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How To Breathe

By Lisa Fitts
By Herbert Yoo
By Cymone Canada
By Dave Grogan
By Arnie Fenton
By Dan Millner
By Alex Joseph
By Samantha Harton
By Bailey Catone
By Colin Campbell
By Barb Harris
By Mark Mercer
By Sereena Bexley
By Vennecia Jackson
By Mary Lata Thottukadavil
By Michael Agnew
By Kristie Davis
By AJ Jerkins
By Caroline Smiley
By Kathy Whitthorne
By Dawn Johnson
By DJ Newman
By Mary Weyand
By Rob Nickell
By Kathy Whitthorne
By Nila Odom
By Sherene Joseph Rajadurai
By Kristi Sheffy
By Sharon Arrington
By Sarah Crawford
By Betsy Paul
By Angel Piña
By Elizabeth Piña
By Chris Kuykendall
By Matt Holland
By Jessie Yearwood
By Brian Severski
By Brian Arrington
By Will Meier
By Clint Calhoun
By Jen Mayes
By Jim Henry
By Kevin Harwood
By Leah Vanhorn
By Janett Miller
By Isaac Harris
By Chad Golden
By Jonathan Cortina
By Kuruvilla (K.O.) Oommen
By John Dyer
By Abe Paul
By Lauren Geppert
By Jennifer Durrett
By Jill Asibelua
By Jared Barnett
By Paul Martin
By Norm Headlam
By Kristi Herring
By Sissy Mathew
By Shannon Pugh
By Al Palamara
By Michelle Garza
By Armando Galvan
By Camille Holland
By Rod Myers
By Crystal Elwell
By Darcy Peterson
By Jason Elwell
By Barry Jones
By Bryan Eck
By Tricia Kinsman
By Craig Pierce
By Jim Woodward
By Andy McQuitty
By Kevin Dial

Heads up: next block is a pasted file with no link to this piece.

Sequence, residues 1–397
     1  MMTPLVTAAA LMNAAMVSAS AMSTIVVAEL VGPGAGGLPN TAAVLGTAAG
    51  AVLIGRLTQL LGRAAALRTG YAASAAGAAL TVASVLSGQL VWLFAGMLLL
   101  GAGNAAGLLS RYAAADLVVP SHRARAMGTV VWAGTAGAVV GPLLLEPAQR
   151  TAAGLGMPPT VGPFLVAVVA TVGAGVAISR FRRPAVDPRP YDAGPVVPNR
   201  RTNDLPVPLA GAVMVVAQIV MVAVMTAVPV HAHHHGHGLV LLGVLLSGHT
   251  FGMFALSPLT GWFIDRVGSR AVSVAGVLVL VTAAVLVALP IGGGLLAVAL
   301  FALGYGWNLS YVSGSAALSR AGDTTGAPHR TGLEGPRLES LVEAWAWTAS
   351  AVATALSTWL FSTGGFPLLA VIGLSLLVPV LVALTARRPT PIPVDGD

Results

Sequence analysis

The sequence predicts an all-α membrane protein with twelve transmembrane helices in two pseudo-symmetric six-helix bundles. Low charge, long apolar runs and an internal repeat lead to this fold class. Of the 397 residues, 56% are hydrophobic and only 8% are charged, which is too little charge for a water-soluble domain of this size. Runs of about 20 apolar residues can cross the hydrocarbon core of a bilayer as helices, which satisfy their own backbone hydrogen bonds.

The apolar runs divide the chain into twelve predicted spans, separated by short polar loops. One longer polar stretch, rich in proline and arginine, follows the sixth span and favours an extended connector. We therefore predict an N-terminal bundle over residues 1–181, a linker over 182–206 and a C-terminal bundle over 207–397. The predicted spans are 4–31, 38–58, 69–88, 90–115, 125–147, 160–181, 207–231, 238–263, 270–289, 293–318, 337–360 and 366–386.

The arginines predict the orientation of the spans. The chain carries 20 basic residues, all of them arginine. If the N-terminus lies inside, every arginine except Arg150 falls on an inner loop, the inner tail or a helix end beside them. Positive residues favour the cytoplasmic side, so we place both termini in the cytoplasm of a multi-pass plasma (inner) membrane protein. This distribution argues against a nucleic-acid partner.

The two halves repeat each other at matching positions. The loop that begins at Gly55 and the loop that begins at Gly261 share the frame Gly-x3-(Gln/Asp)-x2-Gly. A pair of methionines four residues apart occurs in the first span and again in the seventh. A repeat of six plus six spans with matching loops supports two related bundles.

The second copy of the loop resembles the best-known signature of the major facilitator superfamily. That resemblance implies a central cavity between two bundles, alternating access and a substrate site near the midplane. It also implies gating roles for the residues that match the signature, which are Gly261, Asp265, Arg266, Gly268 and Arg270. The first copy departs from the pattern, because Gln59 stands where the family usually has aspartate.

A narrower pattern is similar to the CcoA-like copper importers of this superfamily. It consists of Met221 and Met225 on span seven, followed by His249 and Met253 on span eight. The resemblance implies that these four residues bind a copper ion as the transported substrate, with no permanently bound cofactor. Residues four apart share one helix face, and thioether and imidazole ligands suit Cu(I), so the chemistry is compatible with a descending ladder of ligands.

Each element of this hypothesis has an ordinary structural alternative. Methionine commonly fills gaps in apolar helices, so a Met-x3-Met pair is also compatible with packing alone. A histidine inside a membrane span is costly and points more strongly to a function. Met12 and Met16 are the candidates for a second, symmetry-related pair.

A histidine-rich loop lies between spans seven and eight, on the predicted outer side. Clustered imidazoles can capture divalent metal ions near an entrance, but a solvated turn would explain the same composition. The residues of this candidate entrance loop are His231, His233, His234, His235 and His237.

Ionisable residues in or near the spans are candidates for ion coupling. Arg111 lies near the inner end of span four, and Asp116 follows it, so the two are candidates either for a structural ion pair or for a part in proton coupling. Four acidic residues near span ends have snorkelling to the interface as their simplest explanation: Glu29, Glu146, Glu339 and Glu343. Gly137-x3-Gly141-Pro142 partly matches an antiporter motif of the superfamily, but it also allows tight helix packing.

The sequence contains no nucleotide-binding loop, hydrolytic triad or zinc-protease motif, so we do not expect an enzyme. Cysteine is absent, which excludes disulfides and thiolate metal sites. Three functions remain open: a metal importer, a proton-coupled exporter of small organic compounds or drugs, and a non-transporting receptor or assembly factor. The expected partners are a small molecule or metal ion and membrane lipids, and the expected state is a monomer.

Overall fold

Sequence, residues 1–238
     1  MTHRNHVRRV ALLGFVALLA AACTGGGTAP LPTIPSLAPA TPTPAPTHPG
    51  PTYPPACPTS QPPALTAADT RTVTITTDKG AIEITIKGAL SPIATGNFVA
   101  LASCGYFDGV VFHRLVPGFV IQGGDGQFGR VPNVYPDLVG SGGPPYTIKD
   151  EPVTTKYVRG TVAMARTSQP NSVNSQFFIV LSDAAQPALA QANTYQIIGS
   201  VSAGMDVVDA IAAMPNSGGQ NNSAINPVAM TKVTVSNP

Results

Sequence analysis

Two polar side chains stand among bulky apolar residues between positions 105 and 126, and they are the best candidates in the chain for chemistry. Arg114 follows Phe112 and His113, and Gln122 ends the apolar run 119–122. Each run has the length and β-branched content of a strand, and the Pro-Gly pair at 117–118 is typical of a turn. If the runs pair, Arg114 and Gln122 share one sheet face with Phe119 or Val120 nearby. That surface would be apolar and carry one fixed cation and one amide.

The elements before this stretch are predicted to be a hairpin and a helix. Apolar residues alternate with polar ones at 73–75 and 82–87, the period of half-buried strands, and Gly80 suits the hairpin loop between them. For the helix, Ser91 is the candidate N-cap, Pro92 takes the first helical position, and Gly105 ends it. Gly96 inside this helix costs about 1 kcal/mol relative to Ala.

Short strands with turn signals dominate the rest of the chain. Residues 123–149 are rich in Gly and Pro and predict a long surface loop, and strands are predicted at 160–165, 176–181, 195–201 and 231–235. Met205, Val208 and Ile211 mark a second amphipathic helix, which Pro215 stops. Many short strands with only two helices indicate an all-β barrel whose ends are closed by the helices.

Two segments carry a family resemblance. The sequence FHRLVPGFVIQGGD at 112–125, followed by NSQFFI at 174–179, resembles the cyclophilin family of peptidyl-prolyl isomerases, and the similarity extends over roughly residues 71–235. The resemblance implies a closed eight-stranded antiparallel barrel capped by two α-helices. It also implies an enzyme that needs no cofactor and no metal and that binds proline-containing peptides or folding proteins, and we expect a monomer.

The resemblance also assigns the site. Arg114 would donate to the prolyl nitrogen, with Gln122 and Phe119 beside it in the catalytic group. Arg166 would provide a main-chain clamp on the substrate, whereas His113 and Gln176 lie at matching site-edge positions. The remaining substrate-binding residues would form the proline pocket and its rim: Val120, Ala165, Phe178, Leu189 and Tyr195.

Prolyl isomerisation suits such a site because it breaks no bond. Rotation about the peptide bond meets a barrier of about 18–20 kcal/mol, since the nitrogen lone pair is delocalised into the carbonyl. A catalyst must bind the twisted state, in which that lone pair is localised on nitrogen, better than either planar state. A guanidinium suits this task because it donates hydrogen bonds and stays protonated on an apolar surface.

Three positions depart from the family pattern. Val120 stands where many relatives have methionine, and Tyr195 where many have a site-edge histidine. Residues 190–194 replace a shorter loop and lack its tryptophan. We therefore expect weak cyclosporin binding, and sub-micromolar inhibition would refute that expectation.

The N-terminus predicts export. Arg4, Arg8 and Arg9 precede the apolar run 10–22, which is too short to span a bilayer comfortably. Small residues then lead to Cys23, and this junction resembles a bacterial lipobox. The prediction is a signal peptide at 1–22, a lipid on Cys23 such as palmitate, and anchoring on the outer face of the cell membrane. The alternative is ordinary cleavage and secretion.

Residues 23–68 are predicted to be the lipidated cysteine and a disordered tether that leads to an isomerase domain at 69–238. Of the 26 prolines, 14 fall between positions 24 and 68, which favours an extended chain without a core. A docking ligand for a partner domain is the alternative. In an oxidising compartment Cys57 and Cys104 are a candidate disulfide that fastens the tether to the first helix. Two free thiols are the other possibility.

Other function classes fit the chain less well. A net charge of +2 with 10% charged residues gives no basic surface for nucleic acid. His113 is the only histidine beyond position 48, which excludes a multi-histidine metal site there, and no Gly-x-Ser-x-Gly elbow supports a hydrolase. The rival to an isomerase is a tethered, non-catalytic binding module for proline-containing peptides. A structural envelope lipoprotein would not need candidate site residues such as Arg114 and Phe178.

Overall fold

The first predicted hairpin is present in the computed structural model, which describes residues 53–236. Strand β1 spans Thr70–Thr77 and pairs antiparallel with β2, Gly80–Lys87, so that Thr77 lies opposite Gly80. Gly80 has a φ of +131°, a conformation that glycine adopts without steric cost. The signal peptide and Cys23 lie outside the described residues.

By Corbin Pierce
By Claire St. Amant
By Julie K. Rhodes
By Anonymous
By Jasmine Bibbs
By Debra Fournerat
By Kat Armstrong
By Jeffery Link
By Courtney Faucett
By Lenae Moore
By Tiffany Stein
By Andy Webb
By Catherine Boyle
By Catherine & Elizabeth Downing
By Gerald Ridgway
By Jill Hoenig
By Sunitha John
By Tarrin Henry
By RozeLee Rugh
By Beverly Hogan
By Kendra Cordero
By Lisa Gajewski
By Bonnie Goree
By Young-Sam Won
By Chris Beach
By Tom Rugh
By Nick Vuicich
By Andy Franks
By Lead Team
By Jason Roszhart
By Harvard Medical School
By Justin K. Hughes, MA, LPC
By Sherene Joseph
By Earl Davidson
By Rebecca Perry
By Joe Padilla
By Christian Melendez
By Bruce Riley
By Isaac Harris
By Amy Leadabrand
By Ben Haile
By Shaun Robinson
By Natalie Franks
By Cathy Barnett
By Ryan Sanders
By Casey Pruet, The Grace Alliance
By Sharon Arrington
By Lauren Chapin
By Betsy Paul
By Alberto Negron
By Kelly Jarrell
By Michelle Mayes
By Jenn Wright
By Jill Jackson
By Terri Moore
By Robyn Wise
By Katherine Holloway
By Richard Ray
By Kurtlery Knight
By Bruce Hebel